Swine flu and the pandemic threat—a clinician perspective
- Created on Thursday, 12 January 2012 06:24
By Douglas Fleming, OBE, FMedSci
In the last five years, influenza experts have been particularly concerned with the potential of an avian flu virus (sub-type A [H5N1]) as a likely cause of a pandemic. We have now to contend with the pandemic threat of an A (H1N1) virus of swine origin. There have been many winter influenza epidemics attributable to H1N1 viruses but the virus recently identified as the cause of the epidemic in Mexico is substantially different from any previous H1N1 virus infecting humans. Society generally has very little innate or acquired immunity to it. Unlike the H5N1 avian virus where transmission between humans is quite exceptional, there is clear evidence that this virus spreads readily from person to person thus giving rise to the pandemic threat.
The fear engendered by the word pandemic relates to the historic epidemic of 1918 and its impact on morbidity and mortality. Since then, there have been at least two worldwide pandemics and a limited outbreak of swine flu in the United States of America in 1976; all of which have been much less severe in their impact than was seen in 1918. Though the present outbreak does not appear to have caused widespread severe illness, we need to recognize that pandemic conditions have often been preceded by periods of less severe disease and limited spread; conditions which have been described as a “herald wave.”
Appropriate response to these herald wave conditions includes heightened surveillance and the development and manufacture of a strain-matched vaccine. Development of a strain-matched vaccine will be challenging in light of the need for continued production of seasonal vaccines. Heightened surveillance means more rigorous investigation of persons with acute respiratory infections whether they meet classical case definition criteria or not. Whilst early indications suggest that this virus is not causing severe illness, we must not assume that this will remain so. As part of the scientific community particularly concerned with influenza, we call on all physicians to be diligent in their investigation of acute respiratory infections. A mild disease, which may be responsible for minor illness at the moment, must not allow us to become complacent. Furthermore, the threat of an H5N1 pandemic continues and is not diminished by the emergence of this H1N1 swine virus. Continuing high quality surveillance is essential.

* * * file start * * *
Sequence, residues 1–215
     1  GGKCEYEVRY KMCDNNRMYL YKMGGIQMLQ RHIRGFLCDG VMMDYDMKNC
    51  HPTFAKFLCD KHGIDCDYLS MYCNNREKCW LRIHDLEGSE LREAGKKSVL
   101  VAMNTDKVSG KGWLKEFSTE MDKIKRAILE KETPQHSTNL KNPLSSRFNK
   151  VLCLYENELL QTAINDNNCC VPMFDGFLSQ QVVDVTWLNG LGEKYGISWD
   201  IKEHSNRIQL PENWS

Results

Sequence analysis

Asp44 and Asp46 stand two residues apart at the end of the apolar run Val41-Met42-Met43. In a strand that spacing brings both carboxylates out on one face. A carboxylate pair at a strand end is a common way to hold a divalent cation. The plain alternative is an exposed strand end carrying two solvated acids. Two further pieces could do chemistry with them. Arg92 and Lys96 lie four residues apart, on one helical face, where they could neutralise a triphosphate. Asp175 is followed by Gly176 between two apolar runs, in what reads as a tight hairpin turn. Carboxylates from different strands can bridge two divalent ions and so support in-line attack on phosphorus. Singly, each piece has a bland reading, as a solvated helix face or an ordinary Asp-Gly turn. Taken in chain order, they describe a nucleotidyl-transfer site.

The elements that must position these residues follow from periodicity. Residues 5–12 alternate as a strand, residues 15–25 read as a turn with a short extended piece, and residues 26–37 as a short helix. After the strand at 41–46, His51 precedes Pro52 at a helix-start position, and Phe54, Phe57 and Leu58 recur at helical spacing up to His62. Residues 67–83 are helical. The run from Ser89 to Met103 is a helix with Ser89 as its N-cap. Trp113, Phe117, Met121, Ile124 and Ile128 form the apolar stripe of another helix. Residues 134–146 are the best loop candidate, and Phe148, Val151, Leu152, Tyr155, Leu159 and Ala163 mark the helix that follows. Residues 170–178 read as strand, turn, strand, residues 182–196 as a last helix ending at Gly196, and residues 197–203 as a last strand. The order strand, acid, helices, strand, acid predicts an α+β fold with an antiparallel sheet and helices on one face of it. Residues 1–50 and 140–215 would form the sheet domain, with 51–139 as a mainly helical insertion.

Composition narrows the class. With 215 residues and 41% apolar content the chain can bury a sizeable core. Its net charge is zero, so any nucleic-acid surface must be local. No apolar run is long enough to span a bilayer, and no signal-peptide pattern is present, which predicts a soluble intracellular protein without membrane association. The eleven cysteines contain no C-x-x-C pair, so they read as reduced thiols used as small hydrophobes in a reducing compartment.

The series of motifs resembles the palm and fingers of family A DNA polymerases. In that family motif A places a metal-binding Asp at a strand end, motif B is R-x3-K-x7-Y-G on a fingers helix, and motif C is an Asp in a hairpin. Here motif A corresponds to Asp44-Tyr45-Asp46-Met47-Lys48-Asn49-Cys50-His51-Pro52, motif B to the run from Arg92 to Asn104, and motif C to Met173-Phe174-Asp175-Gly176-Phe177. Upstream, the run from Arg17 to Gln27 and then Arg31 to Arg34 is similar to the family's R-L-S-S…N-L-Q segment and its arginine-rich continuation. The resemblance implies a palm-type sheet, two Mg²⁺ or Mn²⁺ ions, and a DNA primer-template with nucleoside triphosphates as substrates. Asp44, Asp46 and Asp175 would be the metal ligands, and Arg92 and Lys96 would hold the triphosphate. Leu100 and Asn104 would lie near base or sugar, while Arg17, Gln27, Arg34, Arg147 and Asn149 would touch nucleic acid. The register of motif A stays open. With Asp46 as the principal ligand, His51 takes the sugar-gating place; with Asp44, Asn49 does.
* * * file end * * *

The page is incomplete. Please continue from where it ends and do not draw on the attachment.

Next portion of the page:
Dr Douglas Fleming, OBE, FMedSci, is the Director of the Royal College of General Practitioners Research and Surveillance Centre, Birmingham, England.
isirv is committed to providing accurate information to its members, so that you can stay informed. To assist you in your efforts, we have posted a list of resources relevant to the April 2009 Influenza A (H1N1) outbreak.